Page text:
Executive Committee member Michael van Praag has stressed UEFA's commitment to tackling key safety and security challenges at the UEFA-EU Stadium and Security Conference in Warsaw.
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UEFA and the football family are committed to meeting various testing challenges in the area of safety and security around matches – but the governing body has reiterated its view that that governments, public authorities and police must also contribute fully in helping to ensure that UEFA's matches are held in a safe atmosphere.
In a keynote speech to stakeholders at the latest UEFA-EU Stadium and Security Conference in Warsaw on Thursday, UEFA Executive Committee member Michael van Praag stressed UEFA's fierce determination to confront every challenge and guarantee that the game of football continues to take centre stage.
"We never stand still in football, and with the passing of another year since our last meeting we find ourselves in a rapidly changing environment," Van Praag told an audience including European police and governmental agency representatives, club security officers from UEFA, national associations and clubs, and stadium owners, gathered in Warsaw to discuss contemporary security issues and seek lasting solutions and progress. "At the present time, European football is facing many challenges. These challenges are more diverse in nature than at any time in the relatively short history of UEFA competitions.
"The range of challenges to be met varies from international conflict between nations all the way down to conflict between rival supporters groups," he added. "The recent conflict in Israel and the current situation in Ukraine have caused serious issues for the scheduling of matches in UEFA competitions. As if this was not enough, we are increasingly experiencing football being used as a platform for diverse political protests and as a medium for those wishing to express extreme racist views.
"Against this backdrop, we must meet these challenges head on and ensure that it is football that takes centre stage. However difficult the circumstances, the game must go on."
Van Praag reflected that Europe is experiencing a period of political turbulence, and that football could not escape the resultant impact. "[At last year's conference] we emphasised the fact that despite the strength of the collective collaboration of the 54 national associations in UEFA, we cannot exist or operate in isolation," he said. "To succeed, we require the support of governments, public authorities and police, as well as our national associations and clubs, to ensure that our competitions can take place in a safe, secure and welcoming environment.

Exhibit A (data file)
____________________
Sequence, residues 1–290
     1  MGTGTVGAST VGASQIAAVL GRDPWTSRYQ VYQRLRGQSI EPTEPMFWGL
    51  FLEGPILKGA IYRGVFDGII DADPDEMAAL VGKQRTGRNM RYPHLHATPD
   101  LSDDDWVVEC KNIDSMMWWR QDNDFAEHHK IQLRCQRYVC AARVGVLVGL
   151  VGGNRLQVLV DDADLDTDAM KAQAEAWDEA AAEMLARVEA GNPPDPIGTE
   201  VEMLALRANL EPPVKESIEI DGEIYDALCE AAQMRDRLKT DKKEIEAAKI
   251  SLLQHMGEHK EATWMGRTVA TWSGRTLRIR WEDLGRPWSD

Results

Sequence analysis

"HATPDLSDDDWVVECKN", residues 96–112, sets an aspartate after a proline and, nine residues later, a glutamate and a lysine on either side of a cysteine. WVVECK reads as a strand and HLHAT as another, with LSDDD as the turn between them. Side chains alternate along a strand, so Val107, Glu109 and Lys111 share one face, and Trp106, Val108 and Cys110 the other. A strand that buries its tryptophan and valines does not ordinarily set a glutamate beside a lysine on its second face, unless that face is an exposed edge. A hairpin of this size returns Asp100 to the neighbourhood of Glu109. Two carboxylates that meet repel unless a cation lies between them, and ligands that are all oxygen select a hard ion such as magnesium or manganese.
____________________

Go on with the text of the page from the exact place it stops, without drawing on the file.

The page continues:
"UEFA believes governments should also have a lead role in ensuring that football takes place in an appropriate environment. This requires political commitment at the highest level to the creation of an effective national framework, within which there must be an integrated approach to the key issues of safety, security and service.
"In the current political and economic climate, where threats to football can come from such diverse sources, there is an imperative to develop multi-agency partnerships. This ethic applies equally to the development and sharing of solutions to more practical problems we face every day in our matches."
Van Praag outlined a year-on-year increase in incidents of disorder occurring inside and outside stadiums and in cities where matches are being hosted. "Despite the awareness of this and despite, in general terms, knowing who is responsible, individual countries have struggled in developing effective exclusion strategies which include a system of exit bans to prevent known-risk supporters from travelling to matches abroad," he told the conference.
"Whilst those posing a risk to public order are allowed to travel freely to matches in other countries, we will struggle to put the positive face of football at centre stage," he said. "Development of an effective exclusion strategy should be a key component part of the strategic national framework model which I am promoting to you. Where good practice exists, it is crucial that this is highlighted and shared internationally, so all of us can work towards effective pan-European solutions."
Positive news is forthcoming in the area of international cooperation and joint-working between UEFA and partners at European institutional level. "Perhaps the most significant development is the work currently being undertaken to revise the 1985 Convention on Spectator Violence in Sport," Van Praag explained. "UEFA has fully supported the work of the T-RV standing committee on spectator violence during the drafting stage of this revision, and it is hoped that there will be agreement by ministers on the draft new convention by May 2015.
"Once adopted, it is hoped that the new convention can be the foundation for the promotion of best practice required to address the problems which we are facing today and in the future. We look forward to the adoption of this important work."